Nearby is an enclosure made from mesquite. In 1937, Henry Towner was ambushed as he opened a gate to let a herd of cattle through. His wife heard the shots and ran from their shack to see what was happening. With his last words, Towner told his wife that he had been shot by Jo Flieger. Flieger was subsequently arrested. He was only released after a young cowboy came forward and confessed to the crime. The circumstances of the incident, and the solution of the murder were quite controversial. Whether Flieger was actually innocent or guilty was debated for many years afterward. It is interesting that in the Old West article, the real names of the people involved were used. In Flieger's book, pseudonyms were assigned....
This old water pump, manufactured by the Byron Jackson Pump Company, took water from Ash Creek and transferred it to a water tank nearby.
All that remains of an old cabin/shack are the foundation stones. There are several bedframes in the "yard" around the cabin site. Did Apsey and the family really remain in the cave for the duration of their stay or could this have become their residence? The Towners did have a shack here in the 1930s.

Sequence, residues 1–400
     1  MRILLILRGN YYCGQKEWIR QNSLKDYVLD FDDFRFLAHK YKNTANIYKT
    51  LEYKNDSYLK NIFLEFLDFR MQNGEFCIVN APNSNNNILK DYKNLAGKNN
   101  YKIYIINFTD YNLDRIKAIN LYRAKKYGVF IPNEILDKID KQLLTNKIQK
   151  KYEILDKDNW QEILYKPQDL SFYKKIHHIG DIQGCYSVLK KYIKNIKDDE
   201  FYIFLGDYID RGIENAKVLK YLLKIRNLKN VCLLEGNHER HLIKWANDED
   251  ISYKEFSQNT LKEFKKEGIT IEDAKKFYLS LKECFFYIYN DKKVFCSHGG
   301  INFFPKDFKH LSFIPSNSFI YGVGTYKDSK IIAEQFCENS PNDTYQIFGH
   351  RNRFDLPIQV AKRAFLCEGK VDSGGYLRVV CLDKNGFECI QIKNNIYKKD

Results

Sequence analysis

A hand dug well is not far away. It appears that strips of corrugated iron were used as the forms for the concrete base.
This large area would have been a very suitable site for Apsey's gardens.
Ash Creek at Apsey Camp is a very scenic location. There are many large trees and permanent water. Below the camp, there are other rock shelters. My plans are to return and walk more of this canyon.
Ash Creek and Apsey Camp are a part of the Mineral Strip unit of the San Carlos Apache Reservation. Signs on the access road indicate that hiking and camping are allowed by nonmembers who have the reservation's recreation permits. Elsewhere, the tribe is very strict about visitors having those. The tribe is also adamant that ATVs are not allowed on their lands. I purchase the permits at a Circle K in Globe.